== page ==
Scientists have been given an unprecedented glimpse into the birth of stars and the early stages of the universe, following the release of a new image showing a cluster more than 10 billion years ago by the James Webb space telescope.
The image shows a young star cluster known as NGC 346, located 200,000 light-years from Earth.
Scientists have taken a special interest in the cluster in the Small Magellanic Cloud (SMC) because it resembles conditions in the early universe, when star formation was at its peak.
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Astronomers hope that studying the region may provide further answers to how the first stars formed during “cosmic noon,” just 2 or 3 billion years after the big bang.
Webb member of the Science and Technology Facilities Council’s UK astronomy technology center, Dr. Olivia Jones is the lead author of an article featuring the images.
Jones said: “This is the first time we have been able to detect the star formation sequence of both low- and high-mass stars in another galaxy.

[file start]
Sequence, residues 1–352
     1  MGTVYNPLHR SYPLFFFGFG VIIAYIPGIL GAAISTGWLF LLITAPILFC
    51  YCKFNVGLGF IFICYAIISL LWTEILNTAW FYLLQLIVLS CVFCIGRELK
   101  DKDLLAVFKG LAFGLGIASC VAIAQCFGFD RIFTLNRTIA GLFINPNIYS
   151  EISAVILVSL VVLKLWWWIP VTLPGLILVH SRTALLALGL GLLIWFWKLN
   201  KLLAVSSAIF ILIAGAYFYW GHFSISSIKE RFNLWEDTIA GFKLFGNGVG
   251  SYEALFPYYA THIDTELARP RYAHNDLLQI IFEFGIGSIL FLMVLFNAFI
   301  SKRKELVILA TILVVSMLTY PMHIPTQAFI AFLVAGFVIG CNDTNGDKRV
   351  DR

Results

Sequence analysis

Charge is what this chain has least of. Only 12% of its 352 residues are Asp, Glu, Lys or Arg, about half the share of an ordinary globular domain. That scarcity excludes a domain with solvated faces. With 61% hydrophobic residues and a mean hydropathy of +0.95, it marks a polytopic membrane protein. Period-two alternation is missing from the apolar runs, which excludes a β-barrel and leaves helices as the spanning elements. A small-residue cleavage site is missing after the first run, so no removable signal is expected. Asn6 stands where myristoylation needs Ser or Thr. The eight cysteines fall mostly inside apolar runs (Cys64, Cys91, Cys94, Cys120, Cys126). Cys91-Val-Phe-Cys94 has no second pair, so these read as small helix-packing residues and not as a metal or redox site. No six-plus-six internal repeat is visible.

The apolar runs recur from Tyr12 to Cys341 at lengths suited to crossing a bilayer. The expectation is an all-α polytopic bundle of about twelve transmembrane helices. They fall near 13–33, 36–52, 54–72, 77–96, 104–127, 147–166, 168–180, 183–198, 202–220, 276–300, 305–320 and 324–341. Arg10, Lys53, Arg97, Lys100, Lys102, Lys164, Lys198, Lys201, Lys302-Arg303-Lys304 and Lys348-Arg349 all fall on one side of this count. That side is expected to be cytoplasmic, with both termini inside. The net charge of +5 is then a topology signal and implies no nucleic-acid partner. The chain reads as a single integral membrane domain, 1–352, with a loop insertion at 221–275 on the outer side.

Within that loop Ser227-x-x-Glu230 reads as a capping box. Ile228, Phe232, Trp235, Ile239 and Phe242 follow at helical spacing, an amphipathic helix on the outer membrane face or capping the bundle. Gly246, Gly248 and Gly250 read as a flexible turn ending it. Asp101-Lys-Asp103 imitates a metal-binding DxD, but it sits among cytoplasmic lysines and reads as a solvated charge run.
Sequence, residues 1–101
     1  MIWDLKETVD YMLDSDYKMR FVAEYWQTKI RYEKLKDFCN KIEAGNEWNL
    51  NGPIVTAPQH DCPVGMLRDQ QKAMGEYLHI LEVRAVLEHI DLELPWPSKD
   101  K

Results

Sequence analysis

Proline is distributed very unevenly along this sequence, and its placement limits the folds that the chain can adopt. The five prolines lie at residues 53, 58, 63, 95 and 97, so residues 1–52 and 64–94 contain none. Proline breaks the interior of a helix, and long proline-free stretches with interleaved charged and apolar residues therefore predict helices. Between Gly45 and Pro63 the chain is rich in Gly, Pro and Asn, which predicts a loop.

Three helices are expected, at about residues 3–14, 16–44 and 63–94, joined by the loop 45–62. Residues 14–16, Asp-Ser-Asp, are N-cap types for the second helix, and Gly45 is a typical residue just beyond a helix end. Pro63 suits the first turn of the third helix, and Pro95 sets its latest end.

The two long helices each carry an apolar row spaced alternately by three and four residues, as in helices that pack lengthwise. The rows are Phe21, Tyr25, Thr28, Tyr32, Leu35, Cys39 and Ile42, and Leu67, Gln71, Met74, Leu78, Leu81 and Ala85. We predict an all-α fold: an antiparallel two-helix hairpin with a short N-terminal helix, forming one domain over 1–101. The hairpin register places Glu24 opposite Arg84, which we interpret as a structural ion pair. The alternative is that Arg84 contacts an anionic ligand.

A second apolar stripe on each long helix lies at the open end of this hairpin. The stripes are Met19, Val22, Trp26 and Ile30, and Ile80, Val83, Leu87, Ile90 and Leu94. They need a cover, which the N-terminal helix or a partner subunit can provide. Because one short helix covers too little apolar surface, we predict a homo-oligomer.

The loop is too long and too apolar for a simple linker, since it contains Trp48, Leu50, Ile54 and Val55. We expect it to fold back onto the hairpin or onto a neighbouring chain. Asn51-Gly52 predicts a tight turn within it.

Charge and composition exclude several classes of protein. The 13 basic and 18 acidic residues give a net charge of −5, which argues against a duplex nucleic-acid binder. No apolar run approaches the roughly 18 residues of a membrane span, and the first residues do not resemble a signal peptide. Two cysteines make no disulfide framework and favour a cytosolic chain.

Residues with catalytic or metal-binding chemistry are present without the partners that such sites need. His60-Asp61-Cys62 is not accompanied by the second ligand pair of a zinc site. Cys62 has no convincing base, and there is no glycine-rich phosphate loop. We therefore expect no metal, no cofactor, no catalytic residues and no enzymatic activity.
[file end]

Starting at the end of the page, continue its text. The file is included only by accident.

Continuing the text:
“This means we have a lot more data to work with at high resolution, giving us new insights into how the birth of stars shape their environment and more about the star formation process.”
The NGC 346 cluster contains protostars, clouds of gas and dust that turn into stars in space. Astronomers study them to better understand how stars form.
As gas and dust come together, it resembles slivers from the surrounding molecular cloud. The material is collected in a disk that feeds the central protostar.
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While astronomers have previously detected gas around protostars in this cluster, JWST’s observations have also detected dust.
JWST is the largest optical telescope in space and can be used to look at objects too old, distant or faint for the Hubble space telescope. It was launched into space on Christmas Day 2021.
In July 2022, the telescope provided high-resolution images of distant galaxies billions of years ago, and also captured an image of Jupiter’s giant gas planet showing the weather, moons, altitude levels, cloud cover and aurora.
Guido de Marchi, co-researcher of the research team at the European Space Agency, said: “We see the building blocks not only of stars, but potentially of planets as well.
“And because the Small Magellanic Cloud has a galaxy-like environment at cosmic noon, it’s possible that rocky planets formed earlier in the universe than we thought.”